An employee is not “unable to work” under the FFCRA if the employee and the employer agree that the employee will work his or her normal number of hours, but outside of the employee’s normally scheduled hours. Under those circumstances, the employee is able to work and leave is not necessary unless a COVID-19 qualifying reason prevents the employee from working that schedule.
- INTERMITTENT LEAVE
Can employees take Emergency FMLA Leave and/or Emergency Paid Sick Leave intermittently while teleworking?
Yes, if: (1) the employer allows such intermittent leave; and (2) the employee is unable to telework his or her normal schedule due to one of the qualifying reasons in the Emergency Paid Sick Leave Act or because the employee needs to care for his or her child whose school or place of care is closed, or child care provider is unavailable, because of COVID-19 related reasons.
Can employees take Emergency Paid Sick Leave and/or Emergency FMLA Leave intermittently while working at the employee’s usual worksite?
—Emergency Paid Sick Leave:
Generally, no (with one exception).
Emergency Paid Sick Leave cannot be taken intermittently if an employee is still working at his or her usual worksite (unless that worksite is at the employee’s home) except where the employee is taking the leave to care for the employee’s child whose school or place of care is closed, or whose child care provider is unavailable, because of COVID-19 related reasons. If the employee is taking the leave for this limited reason, the employee may take the leave intermittently if the employer and employee agree.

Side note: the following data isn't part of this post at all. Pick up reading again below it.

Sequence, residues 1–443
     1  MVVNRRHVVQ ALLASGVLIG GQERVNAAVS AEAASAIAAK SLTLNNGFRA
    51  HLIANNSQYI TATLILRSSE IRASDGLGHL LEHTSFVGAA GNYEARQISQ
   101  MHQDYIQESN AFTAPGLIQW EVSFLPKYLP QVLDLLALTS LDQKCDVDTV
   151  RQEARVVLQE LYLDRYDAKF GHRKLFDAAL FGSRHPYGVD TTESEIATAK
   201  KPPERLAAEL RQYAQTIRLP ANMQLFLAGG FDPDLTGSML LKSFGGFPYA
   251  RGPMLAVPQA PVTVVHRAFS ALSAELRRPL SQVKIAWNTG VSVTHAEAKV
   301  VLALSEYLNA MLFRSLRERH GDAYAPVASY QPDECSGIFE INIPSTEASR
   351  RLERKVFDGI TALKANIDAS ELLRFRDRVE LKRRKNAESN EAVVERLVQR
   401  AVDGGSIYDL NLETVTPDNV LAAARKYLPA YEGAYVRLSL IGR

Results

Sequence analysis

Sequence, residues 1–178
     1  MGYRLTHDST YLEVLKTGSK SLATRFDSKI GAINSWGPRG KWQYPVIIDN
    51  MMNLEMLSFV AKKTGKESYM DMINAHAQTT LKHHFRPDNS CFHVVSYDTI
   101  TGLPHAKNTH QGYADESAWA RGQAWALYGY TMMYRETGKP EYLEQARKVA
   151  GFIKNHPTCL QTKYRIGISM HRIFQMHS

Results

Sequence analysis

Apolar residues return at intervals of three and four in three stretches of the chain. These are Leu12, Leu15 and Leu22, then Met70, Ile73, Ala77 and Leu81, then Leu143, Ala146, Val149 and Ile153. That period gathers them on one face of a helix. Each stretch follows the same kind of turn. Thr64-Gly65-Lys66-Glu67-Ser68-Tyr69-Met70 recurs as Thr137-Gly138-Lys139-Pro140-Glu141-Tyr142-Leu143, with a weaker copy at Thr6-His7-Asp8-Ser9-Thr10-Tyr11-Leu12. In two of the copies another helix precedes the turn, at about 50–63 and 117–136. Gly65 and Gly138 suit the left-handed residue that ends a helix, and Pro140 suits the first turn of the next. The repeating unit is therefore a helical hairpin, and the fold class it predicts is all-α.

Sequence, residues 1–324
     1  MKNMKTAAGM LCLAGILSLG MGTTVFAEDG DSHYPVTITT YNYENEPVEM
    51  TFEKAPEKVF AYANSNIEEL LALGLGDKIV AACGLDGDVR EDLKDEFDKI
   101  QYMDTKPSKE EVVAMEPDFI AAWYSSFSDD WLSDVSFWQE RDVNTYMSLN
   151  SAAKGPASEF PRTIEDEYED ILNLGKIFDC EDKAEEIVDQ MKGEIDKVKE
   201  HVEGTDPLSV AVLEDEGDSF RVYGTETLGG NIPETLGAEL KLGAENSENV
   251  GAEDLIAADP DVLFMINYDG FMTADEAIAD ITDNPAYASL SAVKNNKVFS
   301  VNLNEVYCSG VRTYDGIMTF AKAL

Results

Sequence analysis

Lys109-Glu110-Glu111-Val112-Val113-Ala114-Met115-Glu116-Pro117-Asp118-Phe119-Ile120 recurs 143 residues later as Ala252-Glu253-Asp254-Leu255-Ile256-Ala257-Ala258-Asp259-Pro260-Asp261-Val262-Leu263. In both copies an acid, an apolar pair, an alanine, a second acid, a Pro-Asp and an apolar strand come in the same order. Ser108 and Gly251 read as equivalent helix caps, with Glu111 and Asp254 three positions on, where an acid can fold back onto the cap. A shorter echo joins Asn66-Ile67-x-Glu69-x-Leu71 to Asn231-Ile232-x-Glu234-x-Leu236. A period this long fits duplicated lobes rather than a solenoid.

Once the employee begins taking Emergency Paid Sick Leave for any other qualifying reason, the employee must continue to take paid sick leave each day until he or she either (1) uses the full amount of paid sick leave or (2) no longer has a qualifying reason for taking paid sick leave.
The DOL noted that this limit is necessary because, if an employee is sick or possibly sick with COVID-19 (or caring for an individual who is sick or possibly sick with COVID-19), the intent of the FFCRA is to provide Emergency Paid Sick Leave in order to prevent the employee from spreading the virus to others.
—Emergency FMLA Leave:
Yes, with the employer’s permission.
- INTERACTION OF TRADITIONAL FMLA LEAVE AND EMERGENCY FMLA LEAVE
Employees are entitled to take a total of 12 workweeks of leave during a 12-month period under the FMLA. This total includes any traditional FMLA leave and any Emergency FMLA Leave taken by the employee.
When will we know more?
The DOL has indicated that it intends to issue regulations regarding the paid leave provisions of the FFCRA soon. Unlike the guidance discussed above, any regulations issued by the DOL will be binding on employers.
Though the DOL has not explicitly stated when we can expect the new regulations, presumably the goal is to implement them prior to April 1 when the FFCRA becomes effective. We will blog about the content of the new regulations as soon as they are issued.